Robots are horticulture's future
Robots are making a difference in fruit and vegetable pack houses already, as seen in the above picture. This trend will continue.
But the real step change will come from robotics out in the commercial vegetable gardens and orchards. For a number of years, there have been prototype kiwifruit picking robotics under trial and development. Now work is being done on robotic apple pickers. Solar powered robotic platforms for commercial vegetable gardens are also under development that weed, fertilise and spray.
Some of this technology was on display at Fieldays, held last week at Mystery Creek, including a robotic kiwifruit picker. It has been developed by a team of scientists and engineers working with Waikato and Auckland universities partly in response to labour shortages, unreliable labour, and unskilled labour.
The robotic kiwifruit picking machine is designed to do exactly what a person picking would do: progressively removing fruit, vine after vine, under the canopy. Trials have shown, if it is calibrated correctly, it can be gentler than human pickers and more consistent. The end result is higher quality fruit which earns a premium in our overseas’ markets. The developers report that this machine will be ready in the next three years and will be further developed to do pruning and other orchard tasks.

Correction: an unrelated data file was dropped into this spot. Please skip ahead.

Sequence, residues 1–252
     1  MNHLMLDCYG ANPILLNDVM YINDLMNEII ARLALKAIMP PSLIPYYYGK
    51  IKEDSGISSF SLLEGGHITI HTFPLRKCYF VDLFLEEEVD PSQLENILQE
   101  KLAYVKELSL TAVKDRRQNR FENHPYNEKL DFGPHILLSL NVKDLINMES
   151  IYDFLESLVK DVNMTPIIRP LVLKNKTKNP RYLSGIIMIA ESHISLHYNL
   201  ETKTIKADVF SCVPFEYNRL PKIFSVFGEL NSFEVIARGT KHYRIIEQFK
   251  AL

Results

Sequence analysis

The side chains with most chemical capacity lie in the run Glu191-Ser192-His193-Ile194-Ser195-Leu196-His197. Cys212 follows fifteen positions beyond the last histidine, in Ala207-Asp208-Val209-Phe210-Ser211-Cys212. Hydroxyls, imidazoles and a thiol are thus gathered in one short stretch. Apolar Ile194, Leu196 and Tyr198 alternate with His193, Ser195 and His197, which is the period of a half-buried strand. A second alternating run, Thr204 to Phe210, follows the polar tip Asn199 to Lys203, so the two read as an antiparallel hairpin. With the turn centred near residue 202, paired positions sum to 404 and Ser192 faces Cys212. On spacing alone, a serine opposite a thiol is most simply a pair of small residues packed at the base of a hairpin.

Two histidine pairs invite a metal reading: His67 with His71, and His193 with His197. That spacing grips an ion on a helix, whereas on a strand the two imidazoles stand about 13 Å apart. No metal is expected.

Robots are going to change the face of horticulture worldwide, including in New Zealand. Not in 10 or 20 years, but in the next few years. It will be a very different industry and we will require in addition to our current permanent workforce, talented young New Zealanders who can run, programme and repair our robotic workforce.
- Mike Chapman, CEO